COMPARATIVE STUDY
JOURNAL ARTICLE

The treatment of depression in UK general practice: selective serotonin reuptake inhibitors and tricyclic antidepressants compared

R A Lawrenson, F Tyrer, R B Newson, R D Farmer
Journal of Affective Disorders 2000, 59 (2): 149-57
10837883

BACKGROUND: Antidepressants are commonly prescribed by general practitioners as treatment for depression. Controversy exists as to the effectiveness in everyday use of the older tricyclic antidepressants (TCAs) when compared to the newer selective serotonin reuptake inhibitors (SSRIs).

AIM: To investigate the patterns of current prescribing of antidepressants for the treatment of depression and compare TCAs with the newer SSRIs.

METHOD: The study population was patients attending 151 computerised general practices from throughout the United Kingdom between 1991 and 1996. Patients with new prescriptions for antidepressants and a diagnosis of depression were identified. Age and gender distributions, prescribed doses and drop-out rates were investigated.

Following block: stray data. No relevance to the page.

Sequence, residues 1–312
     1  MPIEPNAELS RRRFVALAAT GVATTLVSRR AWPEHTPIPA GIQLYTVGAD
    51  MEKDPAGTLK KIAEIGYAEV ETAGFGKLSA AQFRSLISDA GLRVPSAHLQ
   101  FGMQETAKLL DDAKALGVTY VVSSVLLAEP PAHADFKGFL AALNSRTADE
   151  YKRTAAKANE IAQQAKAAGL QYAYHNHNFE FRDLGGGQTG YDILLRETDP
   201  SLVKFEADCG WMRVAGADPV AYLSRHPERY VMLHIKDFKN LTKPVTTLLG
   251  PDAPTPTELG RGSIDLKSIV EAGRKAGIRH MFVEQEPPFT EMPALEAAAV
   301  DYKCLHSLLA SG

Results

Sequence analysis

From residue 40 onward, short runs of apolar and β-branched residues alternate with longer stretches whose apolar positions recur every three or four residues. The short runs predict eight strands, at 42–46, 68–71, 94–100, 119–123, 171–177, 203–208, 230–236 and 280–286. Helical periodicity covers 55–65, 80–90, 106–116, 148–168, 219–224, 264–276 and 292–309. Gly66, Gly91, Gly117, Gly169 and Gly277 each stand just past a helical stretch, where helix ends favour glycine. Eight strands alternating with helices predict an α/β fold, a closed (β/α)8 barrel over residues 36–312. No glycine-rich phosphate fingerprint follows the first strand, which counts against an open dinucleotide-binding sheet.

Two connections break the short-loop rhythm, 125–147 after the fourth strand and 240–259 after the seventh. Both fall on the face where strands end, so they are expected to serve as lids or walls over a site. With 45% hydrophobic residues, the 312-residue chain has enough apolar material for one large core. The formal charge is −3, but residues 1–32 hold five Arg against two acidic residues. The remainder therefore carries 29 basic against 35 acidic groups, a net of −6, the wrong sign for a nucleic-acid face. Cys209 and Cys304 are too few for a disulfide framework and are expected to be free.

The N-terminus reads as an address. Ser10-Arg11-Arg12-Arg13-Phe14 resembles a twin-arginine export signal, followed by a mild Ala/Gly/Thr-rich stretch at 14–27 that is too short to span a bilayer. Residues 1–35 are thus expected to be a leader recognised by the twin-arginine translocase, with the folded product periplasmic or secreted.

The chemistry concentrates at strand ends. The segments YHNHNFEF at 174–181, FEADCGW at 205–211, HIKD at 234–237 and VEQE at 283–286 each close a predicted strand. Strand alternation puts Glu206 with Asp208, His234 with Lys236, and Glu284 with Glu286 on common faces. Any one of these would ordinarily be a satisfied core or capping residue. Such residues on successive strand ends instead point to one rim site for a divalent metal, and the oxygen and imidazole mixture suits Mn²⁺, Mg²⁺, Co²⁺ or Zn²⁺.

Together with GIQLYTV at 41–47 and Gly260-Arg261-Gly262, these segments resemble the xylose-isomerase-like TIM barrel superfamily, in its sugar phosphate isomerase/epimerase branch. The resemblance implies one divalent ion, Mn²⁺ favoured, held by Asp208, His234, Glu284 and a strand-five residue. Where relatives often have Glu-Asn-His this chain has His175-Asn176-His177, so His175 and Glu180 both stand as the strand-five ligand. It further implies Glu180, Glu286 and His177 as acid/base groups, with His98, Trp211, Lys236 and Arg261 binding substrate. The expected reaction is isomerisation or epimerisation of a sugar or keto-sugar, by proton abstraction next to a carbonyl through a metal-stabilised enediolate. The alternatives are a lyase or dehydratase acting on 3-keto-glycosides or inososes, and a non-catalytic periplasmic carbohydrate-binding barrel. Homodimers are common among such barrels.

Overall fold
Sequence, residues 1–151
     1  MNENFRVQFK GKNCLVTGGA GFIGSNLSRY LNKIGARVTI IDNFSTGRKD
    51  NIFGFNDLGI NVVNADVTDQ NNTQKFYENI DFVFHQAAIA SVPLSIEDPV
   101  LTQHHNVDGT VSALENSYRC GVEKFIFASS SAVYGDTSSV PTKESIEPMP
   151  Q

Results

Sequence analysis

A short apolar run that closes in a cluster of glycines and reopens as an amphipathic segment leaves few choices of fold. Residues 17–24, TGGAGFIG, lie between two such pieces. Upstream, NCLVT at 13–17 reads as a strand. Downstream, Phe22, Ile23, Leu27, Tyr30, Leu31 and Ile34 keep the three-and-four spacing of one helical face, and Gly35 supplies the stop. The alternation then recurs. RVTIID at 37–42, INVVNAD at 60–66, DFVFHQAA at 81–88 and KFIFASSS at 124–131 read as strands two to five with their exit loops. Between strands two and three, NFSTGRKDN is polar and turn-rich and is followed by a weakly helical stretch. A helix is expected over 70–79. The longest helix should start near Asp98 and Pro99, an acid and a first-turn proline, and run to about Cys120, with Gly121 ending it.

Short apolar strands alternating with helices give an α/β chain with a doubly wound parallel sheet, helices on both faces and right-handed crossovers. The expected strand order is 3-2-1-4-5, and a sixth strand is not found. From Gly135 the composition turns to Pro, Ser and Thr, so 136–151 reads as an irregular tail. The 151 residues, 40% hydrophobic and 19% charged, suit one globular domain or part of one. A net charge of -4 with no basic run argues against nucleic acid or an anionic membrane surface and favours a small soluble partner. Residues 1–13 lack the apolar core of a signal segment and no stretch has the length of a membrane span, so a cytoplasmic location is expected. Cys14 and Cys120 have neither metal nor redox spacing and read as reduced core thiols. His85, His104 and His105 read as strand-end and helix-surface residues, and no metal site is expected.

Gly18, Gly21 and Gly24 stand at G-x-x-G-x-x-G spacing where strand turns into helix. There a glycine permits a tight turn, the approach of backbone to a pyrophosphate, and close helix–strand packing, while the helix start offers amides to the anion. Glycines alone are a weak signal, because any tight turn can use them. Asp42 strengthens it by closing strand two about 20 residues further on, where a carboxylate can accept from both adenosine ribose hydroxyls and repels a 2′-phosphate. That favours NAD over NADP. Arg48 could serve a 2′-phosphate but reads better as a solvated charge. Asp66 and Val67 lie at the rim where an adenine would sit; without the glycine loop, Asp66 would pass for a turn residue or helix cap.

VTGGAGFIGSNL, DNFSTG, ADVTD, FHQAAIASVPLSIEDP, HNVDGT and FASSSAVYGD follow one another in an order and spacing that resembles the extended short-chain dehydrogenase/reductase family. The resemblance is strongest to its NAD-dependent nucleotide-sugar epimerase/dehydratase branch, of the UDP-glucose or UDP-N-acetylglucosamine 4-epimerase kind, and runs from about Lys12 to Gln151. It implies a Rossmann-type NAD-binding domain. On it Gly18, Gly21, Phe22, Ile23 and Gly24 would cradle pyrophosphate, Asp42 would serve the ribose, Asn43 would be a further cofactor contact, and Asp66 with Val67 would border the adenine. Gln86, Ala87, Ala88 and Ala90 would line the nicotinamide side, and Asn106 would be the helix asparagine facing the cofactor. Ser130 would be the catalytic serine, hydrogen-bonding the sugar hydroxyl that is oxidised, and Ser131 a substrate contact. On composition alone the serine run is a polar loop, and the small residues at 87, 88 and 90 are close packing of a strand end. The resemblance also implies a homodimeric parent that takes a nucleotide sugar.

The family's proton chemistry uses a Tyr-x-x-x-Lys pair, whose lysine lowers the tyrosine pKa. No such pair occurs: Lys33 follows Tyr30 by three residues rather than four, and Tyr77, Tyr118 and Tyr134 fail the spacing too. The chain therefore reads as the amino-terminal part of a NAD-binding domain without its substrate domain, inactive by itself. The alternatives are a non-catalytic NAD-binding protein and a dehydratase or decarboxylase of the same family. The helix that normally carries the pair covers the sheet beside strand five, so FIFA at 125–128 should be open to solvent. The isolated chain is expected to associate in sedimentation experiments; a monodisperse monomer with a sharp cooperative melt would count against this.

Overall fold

RESULTS: During the study period 9.8% of patients received a prescription for an antidepressant, there was a 40% increase in the prescribing rate of TCAs and a 460% increase in SSRI prescribing. TCAs were initially prescribed in sub-therapeutic doses. More than 50% of patients ceased taking their antidepressants within 6 weeks of starting treatment. Fluoxetine and paroxetine were more likely to be prescribed for a therapeutic period than were other antidepressants.

CONCLUSIONS: General practitioners should prescribe a therapeutic dose of antidepressant for a recognised therapeutic period to ensure that patients with depression receive the most effective treatment.

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